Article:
• Winning approval for an economic stimulus package containing $62.2 billion in direct spending on green initiatives; $20 billion in green tax incentives (which are already having an impact on emissions); and money for renewable energy, improved energy transmission, smart-grid technology, housing retrofits, rail transit, and green jobs training.
  • Overturning a host of Bush administration ’midnight rule changes’ passed just before President-elect Barack Obama took office in January that were designed to give industry more leeway to extract natural resources (i.e. shale deposits), to dispose of toxic wastes, to promote tourism in previously protected natural habitats, and to relax federal assessment powers over the impacts of infrastructure projects.

Perhaps the biggest ’green achievement’ was passage of the administration’s first budget on the 100th day in office. The budget includes an additional funding for investments in clean energy and efficiency projects, more money for improved rail transportation services, investments to stimulate the growing green jobs market, and other measures to address climate change.

One measure originally included in the budget was a cap-and-trade plan to reduce greenhouse gas emissions 83 percent below 2005 levels by 2050. Although the Senate rejected approval of the plan through the budget process, its inclusion in the budget was a measure of how serious the Obama administration is about doing something to address climate change.

Sierra Club Executive Director Carl Pope, commenting on the first 100 days of the Obama administration noted "President Obama has done more to lay the foundation for the clean energy future in three months than has been done in the previous three decades. His economic recovery plan, the budget, and a sweeping set of executive branch actions amount to a huge down payment on a cleaner, more prosperous future."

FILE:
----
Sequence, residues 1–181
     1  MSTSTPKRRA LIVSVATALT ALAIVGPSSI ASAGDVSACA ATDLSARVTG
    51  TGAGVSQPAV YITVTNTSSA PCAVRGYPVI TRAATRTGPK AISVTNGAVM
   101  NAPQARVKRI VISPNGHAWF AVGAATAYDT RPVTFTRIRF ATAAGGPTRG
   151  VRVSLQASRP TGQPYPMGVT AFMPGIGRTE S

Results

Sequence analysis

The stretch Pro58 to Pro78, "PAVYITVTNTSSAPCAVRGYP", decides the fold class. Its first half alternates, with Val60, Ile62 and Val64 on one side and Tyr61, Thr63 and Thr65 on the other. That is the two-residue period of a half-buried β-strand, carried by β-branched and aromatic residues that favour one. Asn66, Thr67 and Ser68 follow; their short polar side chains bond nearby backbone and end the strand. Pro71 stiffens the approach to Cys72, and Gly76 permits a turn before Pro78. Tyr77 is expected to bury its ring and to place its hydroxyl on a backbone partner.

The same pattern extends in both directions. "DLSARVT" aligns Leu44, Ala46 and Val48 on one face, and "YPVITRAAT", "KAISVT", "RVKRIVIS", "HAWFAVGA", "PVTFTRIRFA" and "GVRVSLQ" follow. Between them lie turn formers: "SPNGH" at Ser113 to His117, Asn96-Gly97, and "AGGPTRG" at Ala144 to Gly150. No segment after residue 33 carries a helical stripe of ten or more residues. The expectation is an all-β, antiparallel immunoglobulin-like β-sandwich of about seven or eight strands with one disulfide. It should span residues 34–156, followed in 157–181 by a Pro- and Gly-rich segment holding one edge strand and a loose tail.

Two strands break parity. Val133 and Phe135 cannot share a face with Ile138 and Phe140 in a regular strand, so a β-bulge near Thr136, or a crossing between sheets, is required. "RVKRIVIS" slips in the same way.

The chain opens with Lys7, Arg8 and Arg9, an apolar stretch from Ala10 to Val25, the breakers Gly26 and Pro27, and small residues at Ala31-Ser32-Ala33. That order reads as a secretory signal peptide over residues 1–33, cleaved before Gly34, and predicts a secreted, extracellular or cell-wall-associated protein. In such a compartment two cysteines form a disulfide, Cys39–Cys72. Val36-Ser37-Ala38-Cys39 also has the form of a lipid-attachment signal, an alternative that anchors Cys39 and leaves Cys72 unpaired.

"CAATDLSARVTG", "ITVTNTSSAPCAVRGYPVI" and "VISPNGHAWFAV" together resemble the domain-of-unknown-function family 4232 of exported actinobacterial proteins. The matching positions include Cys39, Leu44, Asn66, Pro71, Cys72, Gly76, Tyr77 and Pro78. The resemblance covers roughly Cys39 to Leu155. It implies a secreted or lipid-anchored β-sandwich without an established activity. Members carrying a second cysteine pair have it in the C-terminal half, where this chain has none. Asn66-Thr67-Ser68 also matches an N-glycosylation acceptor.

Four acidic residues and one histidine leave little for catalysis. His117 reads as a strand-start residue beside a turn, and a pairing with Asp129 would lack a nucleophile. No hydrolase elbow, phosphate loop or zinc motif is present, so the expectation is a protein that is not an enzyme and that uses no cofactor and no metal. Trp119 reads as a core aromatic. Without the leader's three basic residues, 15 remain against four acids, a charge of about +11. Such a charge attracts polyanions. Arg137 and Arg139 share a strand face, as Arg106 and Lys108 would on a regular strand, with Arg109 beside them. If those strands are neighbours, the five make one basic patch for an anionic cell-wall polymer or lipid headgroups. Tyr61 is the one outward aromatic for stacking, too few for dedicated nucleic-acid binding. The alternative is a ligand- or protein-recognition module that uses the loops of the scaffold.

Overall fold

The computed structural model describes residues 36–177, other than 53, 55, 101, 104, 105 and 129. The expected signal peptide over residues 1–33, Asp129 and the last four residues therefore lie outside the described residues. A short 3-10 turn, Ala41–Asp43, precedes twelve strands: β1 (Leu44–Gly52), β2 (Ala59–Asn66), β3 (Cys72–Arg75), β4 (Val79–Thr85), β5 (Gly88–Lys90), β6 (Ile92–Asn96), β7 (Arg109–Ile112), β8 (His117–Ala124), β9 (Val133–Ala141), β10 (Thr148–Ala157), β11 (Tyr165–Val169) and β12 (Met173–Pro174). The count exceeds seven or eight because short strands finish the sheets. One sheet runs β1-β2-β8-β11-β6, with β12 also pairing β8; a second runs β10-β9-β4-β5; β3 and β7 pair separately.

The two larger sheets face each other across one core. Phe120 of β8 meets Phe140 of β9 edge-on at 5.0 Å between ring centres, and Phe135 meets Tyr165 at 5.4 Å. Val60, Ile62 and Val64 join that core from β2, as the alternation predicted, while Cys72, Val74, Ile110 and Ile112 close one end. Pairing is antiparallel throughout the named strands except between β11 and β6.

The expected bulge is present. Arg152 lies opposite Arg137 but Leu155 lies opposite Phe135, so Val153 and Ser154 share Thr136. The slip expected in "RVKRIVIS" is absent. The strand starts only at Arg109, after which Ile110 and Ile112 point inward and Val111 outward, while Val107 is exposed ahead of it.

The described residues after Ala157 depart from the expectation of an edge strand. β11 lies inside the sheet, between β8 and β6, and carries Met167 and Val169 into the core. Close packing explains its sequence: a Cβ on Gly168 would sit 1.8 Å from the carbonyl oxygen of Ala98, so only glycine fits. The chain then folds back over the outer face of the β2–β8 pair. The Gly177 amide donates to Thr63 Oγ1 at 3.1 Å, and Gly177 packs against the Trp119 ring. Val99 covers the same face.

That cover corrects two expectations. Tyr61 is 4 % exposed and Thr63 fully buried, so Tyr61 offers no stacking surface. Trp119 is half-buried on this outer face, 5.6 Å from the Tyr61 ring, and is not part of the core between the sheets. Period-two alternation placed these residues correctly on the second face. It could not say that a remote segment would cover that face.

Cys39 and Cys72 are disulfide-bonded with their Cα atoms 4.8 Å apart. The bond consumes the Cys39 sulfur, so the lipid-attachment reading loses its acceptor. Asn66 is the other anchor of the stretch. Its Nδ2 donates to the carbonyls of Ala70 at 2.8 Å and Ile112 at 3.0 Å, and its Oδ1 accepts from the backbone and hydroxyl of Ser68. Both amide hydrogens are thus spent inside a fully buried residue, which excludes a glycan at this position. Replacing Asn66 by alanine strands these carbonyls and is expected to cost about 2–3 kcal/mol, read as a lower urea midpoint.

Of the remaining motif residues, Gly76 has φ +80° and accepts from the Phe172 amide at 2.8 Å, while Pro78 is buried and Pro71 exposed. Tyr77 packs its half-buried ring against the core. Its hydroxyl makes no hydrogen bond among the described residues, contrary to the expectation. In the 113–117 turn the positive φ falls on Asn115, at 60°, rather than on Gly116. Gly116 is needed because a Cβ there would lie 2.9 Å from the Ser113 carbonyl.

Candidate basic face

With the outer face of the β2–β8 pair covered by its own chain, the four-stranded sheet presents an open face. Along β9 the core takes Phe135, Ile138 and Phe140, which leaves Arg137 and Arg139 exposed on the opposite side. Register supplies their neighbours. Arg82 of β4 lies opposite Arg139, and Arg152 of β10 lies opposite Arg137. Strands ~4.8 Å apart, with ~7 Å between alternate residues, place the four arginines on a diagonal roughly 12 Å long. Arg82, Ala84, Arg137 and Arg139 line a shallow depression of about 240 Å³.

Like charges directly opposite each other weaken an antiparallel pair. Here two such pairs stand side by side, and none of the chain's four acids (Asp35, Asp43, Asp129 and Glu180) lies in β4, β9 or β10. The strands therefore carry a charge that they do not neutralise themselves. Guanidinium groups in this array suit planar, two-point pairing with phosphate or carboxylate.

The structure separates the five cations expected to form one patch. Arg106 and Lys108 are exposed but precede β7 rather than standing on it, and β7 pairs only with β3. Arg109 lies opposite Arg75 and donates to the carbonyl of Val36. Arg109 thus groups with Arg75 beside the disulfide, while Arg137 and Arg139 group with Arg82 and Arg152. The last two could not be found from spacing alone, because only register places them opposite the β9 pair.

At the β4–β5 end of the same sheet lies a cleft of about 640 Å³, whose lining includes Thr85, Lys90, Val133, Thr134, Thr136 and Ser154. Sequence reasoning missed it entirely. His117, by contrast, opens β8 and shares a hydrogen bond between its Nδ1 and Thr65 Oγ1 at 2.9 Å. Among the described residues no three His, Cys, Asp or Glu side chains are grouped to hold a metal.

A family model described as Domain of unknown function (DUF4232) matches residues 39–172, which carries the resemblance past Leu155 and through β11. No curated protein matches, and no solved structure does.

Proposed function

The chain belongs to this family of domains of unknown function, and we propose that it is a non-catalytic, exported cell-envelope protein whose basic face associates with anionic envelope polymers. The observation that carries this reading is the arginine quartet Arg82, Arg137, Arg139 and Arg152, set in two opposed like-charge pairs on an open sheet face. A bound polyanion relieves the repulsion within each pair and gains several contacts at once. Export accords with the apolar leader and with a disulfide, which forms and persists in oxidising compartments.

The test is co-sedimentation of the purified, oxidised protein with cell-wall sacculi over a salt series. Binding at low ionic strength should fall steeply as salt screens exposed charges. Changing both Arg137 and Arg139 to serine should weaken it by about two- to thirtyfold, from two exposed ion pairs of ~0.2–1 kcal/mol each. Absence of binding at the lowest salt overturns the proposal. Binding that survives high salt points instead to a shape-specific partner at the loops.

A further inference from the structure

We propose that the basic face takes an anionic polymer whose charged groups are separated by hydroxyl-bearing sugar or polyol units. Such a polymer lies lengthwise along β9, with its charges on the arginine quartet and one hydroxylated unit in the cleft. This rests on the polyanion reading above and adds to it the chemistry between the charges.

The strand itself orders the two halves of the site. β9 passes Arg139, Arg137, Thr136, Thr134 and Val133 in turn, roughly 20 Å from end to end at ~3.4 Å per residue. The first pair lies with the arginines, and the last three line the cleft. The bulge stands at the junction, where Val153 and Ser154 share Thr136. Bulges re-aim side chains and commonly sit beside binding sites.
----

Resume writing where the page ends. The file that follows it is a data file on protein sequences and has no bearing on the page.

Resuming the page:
"President Obama has done more to lay the foundation for the clean energy future in three months than has been done in the previous three decades", Sierra Club Executive Director Carl Pope

The energy and environment gains of the first 100 days were not limited to the President’s domestic agenda. He has also signaled a desire to work more closely with his North American partners - Canada and Mexico - to ensure greater cooperation on environmental, energy and climate change issues of common concern.

On the international front the U.S. President has signaled a strong desire to see a global climate deal reached in Copenhagen in December. Wisely he has not sought to make America the global leader on climate change - realizing that more can be gained by being part of an international team than by trying to be the superstar.

But every action taken at home and abroad has demonstrated a serious effort to make climate change and energy reform a reality within the President’s first year in office.  What has been achieved in President Obama’s first 100 days in office only shows that where there is a will, there is a way, and that leadership matters.

For More Information: www.ens-newswire.com